1 Luis Leon Sanchez (Spa) Caisse d'Epargne 159km in 3h 52m 53secs

2 Stefan Schumacher (Ger) Gerolsteiner at 6secs

3. Filippo Pozzato (Ita) Liquigas

4. Kim Kirchen (Lux) Columbia

5. Alejandro Valverde (Spa) Caisse d'Epargne

6. Oscar Pereiro (Spa) Caisse d'Epargne

7. Samuel Sanchez (Spa) Euskaltel-Euskadi

8. Josep Jufre (Spa) Saunier Duval)

9. Christian Vande Velde (USA) Garmin-Chipotle

10. Andy Schleck (Lux) CSC-Saxo Bank all at same time.


50. David Millar (GB) Garmin-Chipotle at 33secs

145. Mark Cavendish (GB) Columbia at 21m 53secs

148. Chris Froome (GB) Barloworld at same time.

1. Kim Kirchen (Lux) Columbia in 28h 23m 40secs

2. Cadel Evans (Aus) Silence-Lotto at 6secs

3. Stefan Schumacher (Ger) Gerolsteiner at 16secs

4. Christian Vande Velde (USA) Garmin-Chipotle at 44secs

5. Denis Mechov (Rus) Rabobank at 1m 3secs

6. Alejandro Valverde (Spa) Caisse d'Espargne at 1m 12secs

7. David Millar (GB) Garmin-Chipotle at 1m 14secs

8. Stijn Devolder (Bel) Quick Step at 1m 21secs

9. Oscar Pereiro (Spa) Caisse d'Epargne at 1m 21secs

10. Thomas Lovkvist (Swe) Columbia at 1m 21secs


125. Chris Froome (GB) Barloworld at 37m 27secs

148. Mark Cavendish (GB) Columbia at 45m 15secs


1. Oscar Freire (Spa) Rabobank


1. David De La Fuente (Spa) Saunier Duval


1. Thomas Lovkvist (Swe) Columbia

Tour de France 2008

Garmin are number one! David Millar at the start of stage 7

Tour de France 2008

Mark Cavendish rolls to the stage start in Brioude

Photos by Luc Claessen

Tour de France 2008

David Millar took part in an early escape before puncturing

Tour de France 2008

Fabian Cancellara takes the helm

Tour de France 2008

... Then it's Columbia's turn to chase the escape

Tour de France 2008

Josep Jufre has a dig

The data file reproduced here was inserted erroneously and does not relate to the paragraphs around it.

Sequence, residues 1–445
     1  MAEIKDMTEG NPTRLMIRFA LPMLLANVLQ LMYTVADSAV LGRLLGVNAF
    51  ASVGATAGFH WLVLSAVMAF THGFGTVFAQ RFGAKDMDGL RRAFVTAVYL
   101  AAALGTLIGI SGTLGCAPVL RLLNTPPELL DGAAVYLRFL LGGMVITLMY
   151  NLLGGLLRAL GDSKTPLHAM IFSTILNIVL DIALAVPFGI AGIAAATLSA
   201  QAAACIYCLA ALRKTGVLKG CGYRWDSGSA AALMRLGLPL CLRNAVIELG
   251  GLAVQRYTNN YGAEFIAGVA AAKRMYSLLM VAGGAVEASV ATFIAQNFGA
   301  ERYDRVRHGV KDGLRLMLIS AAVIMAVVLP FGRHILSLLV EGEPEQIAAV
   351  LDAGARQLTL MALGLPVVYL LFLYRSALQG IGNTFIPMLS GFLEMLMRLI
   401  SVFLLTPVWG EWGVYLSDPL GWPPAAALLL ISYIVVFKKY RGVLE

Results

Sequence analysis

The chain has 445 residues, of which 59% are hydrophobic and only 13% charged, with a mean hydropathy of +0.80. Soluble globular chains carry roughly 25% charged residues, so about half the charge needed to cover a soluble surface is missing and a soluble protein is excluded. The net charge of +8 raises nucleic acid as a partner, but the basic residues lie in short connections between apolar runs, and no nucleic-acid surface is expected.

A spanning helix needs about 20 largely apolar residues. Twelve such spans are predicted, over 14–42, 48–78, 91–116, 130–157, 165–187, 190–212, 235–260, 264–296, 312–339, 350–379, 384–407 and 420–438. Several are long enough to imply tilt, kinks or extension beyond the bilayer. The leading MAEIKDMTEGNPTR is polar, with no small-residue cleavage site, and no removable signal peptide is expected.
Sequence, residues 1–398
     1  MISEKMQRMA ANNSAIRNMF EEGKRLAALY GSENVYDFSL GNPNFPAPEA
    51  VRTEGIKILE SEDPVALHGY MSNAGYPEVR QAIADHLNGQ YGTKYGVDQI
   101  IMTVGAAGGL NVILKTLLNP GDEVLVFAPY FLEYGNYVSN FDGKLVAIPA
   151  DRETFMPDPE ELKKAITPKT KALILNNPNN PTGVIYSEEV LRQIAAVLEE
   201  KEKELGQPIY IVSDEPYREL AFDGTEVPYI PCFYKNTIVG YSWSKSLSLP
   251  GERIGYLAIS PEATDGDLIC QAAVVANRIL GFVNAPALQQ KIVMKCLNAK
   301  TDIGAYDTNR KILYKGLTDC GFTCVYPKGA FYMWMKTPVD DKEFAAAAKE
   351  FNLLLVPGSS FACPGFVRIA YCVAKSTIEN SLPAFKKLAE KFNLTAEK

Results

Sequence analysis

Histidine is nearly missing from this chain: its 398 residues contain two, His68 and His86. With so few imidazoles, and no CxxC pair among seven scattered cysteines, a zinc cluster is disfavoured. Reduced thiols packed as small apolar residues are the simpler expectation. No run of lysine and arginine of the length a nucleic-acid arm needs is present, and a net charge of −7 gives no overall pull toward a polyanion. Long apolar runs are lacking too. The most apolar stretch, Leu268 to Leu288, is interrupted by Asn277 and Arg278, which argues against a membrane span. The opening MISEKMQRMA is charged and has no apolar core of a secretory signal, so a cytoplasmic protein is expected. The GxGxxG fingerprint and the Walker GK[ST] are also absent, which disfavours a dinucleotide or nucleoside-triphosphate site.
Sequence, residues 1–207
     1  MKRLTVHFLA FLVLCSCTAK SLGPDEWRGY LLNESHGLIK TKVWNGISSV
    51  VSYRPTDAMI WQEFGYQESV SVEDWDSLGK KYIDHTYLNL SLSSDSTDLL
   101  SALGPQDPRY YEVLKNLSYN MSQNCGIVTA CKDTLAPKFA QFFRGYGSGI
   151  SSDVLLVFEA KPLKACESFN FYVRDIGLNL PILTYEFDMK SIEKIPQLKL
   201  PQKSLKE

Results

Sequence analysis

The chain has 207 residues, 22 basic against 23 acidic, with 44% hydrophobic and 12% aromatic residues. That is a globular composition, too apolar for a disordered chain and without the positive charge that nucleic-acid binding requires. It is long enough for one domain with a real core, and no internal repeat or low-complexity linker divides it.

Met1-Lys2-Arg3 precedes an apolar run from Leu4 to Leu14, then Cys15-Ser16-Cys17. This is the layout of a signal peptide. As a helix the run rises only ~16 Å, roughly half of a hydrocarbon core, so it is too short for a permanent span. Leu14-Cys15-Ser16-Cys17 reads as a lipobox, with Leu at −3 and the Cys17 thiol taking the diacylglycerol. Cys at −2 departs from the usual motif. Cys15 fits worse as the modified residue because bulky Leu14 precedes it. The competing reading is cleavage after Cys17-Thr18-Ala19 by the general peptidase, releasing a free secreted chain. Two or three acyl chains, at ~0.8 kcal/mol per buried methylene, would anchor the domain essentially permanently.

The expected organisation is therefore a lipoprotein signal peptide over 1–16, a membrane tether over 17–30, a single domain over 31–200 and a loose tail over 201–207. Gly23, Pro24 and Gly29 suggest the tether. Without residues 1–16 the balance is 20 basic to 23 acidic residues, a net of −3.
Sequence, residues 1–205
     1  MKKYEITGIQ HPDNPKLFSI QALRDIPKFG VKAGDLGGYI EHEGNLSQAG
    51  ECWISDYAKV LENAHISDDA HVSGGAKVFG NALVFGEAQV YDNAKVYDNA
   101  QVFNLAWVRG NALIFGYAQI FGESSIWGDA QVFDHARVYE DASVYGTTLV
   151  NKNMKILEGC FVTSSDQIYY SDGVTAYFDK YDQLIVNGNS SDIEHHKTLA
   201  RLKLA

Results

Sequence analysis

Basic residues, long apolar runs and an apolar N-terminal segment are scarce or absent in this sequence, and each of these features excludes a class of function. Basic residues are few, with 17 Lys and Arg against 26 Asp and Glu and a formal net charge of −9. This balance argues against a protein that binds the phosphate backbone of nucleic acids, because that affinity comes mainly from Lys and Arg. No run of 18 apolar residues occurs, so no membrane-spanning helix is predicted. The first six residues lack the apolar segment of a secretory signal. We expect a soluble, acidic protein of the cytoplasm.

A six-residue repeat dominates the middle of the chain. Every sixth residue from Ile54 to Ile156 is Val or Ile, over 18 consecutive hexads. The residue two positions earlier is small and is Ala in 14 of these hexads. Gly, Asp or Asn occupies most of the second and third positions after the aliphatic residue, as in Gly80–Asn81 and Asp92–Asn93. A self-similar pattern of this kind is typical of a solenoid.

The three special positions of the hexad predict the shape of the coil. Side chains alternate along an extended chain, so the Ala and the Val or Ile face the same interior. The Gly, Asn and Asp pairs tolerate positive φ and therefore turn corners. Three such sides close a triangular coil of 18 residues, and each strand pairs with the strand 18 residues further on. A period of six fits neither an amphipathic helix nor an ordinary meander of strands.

Tour de France 2008

Kim Kirchen: fourth on stage, still in the lead

Tour de France 2008

Luis Sanchez wins his first ever Tour stage

Tour de France 2008

Thor Hushovd, Oscar Freire and Erik Zabel lead the second group home

Photos by Graham Watson

Swipe to scroll horizontally

Stage six: Ricco storms to win

Stage five: Cavendish takes first Tour win

Stage four: Schumacher wins TT and takes race lead

Stage three: Dumoulin wins stage from break

Stage two: Hushovd wins chaotic sprint

Stage one: Valverde wins

Swipe to scroll horizontally

Comment: How the Tour rediscovered its spirit

Doping back in Tour de France headlines

Millar: close but no cigar in Super-Besse [stage six]

Super-Besse shows form of main contenders [stage six]

Millar to go for yellow [stage six]

Team Columbia's reaction to Cavendish's win [stage five]

Cavendish talks about his Tour stage win

Tour comment: Why Evans should be happy [stage four]

Millar: Still aiming for Tour yellow jersey [stage 4]

Who is Romain Feillu?

Cavendish disappointed with stage two result

Millar too close to Tour yellow jersey

Stage 2 preview: A sprint finish for Cavendish?

Millar happy after gains precious seconds in Plumelec

Valverde delighted with opening Tour stage win

Comment: Is Valverde's win a good thing for the Tour?

Swipe to scroll horizontally

Stage seven

Stage six

Stage five

Stage four

Stage three

Stage two

Stage one

Swipe to scroll horizontally

Tour de France 2008 homepage>>

News and features>>

All the riders (start list, list of abandons)>>

Tour 2008: Day by day summary

Route & stages>>

Teams and riders>>

About the Tour>>

Thank you for reading 20 articles this month* Join now for unlimited access

Enjoy your first month for just £1 / $1 / €1

*Read 5 free articles per month without a subscription

Join now for unlimited access

Try first month for just £1 / $1 / €1